Dearest Friends and Visitors of the Fountain Pen Network,
We have started implementing the changes we promised here: Upcoming Changes To FPN Please do read the linked message above.
Posted 06 February 2013 - 16:29
Posted 06 February 2013 - 18:39
Note the use of Micromesh 10000 there. Other people may suggest more readily available things. Personally, I think cheaping out on the abrasives is a waste of time and energy and not likely to save enough money to matter. Just get the stuff that works properly and don't look back. I buy my smoothing supplies from richardspens.com. Probably some of the other nibmeisters and repairmen also sell the fine micromesh grits that are needed.
Edited by mhosea, 06 February 2013 - 22:08.
I know my id is "mhosea", but you can call me Mike. It's an old Unix thing.
Posted 07 February 2013 - 04:00
technique, but the Micromesh 10000 cannot be undone.
Do let us know how things progress, please.
Auf freiem Grund mit freiem Volke stehn.
Zum Augenblicke dürft ich sagen:
Verweile doch, du bist so schön !
Posted 07 February 2013 - 13:25
I won't try to write the textbook on nib alignment here on FPN, but there are threads about it and atticles on web sites like richardspens.com that will tell and show you what it should look like before you begin smoothing.
Good luck. Nib adjustment and smoothing are skills that are essential to getting the full enjoyment from this hobby. These skills will also save you a lot of money and aggravation, as you will be able to get most pens to write to your satisfaction without having to send them away.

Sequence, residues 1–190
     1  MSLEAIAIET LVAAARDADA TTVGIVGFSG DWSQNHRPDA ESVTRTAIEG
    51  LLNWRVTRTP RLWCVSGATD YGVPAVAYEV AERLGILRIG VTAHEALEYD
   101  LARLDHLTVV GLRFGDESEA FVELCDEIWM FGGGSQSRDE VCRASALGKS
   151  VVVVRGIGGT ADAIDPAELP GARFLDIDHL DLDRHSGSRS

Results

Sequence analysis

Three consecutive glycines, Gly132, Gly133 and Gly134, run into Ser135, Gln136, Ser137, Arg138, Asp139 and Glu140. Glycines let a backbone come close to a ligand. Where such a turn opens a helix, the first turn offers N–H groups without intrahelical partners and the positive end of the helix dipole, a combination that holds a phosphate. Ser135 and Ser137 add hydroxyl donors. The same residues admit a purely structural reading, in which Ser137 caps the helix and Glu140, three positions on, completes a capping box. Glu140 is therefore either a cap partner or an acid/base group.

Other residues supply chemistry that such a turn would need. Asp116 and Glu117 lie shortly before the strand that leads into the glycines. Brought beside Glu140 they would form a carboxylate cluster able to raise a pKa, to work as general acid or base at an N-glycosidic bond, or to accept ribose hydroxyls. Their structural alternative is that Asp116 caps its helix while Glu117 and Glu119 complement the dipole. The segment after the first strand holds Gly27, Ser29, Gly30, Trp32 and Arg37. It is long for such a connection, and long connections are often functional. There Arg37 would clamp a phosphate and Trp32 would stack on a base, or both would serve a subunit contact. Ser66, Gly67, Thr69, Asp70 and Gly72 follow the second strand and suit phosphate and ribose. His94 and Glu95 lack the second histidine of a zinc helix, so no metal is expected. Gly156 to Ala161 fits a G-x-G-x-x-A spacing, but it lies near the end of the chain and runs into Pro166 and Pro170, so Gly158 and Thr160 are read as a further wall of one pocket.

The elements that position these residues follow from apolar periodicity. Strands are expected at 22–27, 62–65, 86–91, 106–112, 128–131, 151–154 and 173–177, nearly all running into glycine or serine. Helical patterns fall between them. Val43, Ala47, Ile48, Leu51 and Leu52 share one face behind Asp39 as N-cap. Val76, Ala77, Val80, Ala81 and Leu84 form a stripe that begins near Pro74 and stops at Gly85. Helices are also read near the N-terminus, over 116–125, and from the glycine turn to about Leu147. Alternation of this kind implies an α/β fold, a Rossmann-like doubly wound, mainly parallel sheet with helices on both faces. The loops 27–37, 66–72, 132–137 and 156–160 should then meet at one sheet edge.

The usual cautions apply, though. I suggest that you learn and try these techniques on inexpensive pens, so that if you wreck one it is no great loss.
Posted 07 February 2013 - 14:00
First, before doing ANY smoothing, take a close look at the tines of the nib. They need to be properly aligned (even height) and the slit needs to be the proper width before you start smoothing.
Posted 07 February 2013 - 14:42
Then think about micromesh, starting at 8000 grit with repetitions of no more than about 15 figure 8's, at a time, going up to 10,000 to 12,000 grit until you are happy with the smoothness. Keep in mind, ice skating like smoothness may not give you enough feedback to control your handwriting on smoother paper, for example rhodia paper.
My two best writers. .......... .........I call this one Günter. ......... I call this one Michael Clarke Duncan.
.........I call this one Günter. ......... I call this one Michael Clarke Duncan.
Posted 09 February 2013 - 07:24
Obviously scratchy nibs are a universal problem, but how do I smooth the nib on a Parker 21 without using a belt sander? And without ruining the nib tip? TIA.
Usually two steps: make sure that the tines are precisely aligned, then smooth the nib if it still requires it using micromesh sanding.
A third step sometimes applies: if the ink flow is too dry, it can be increased and will contribute its part to smooth writing.
Posted 10 February 2013 - 22:10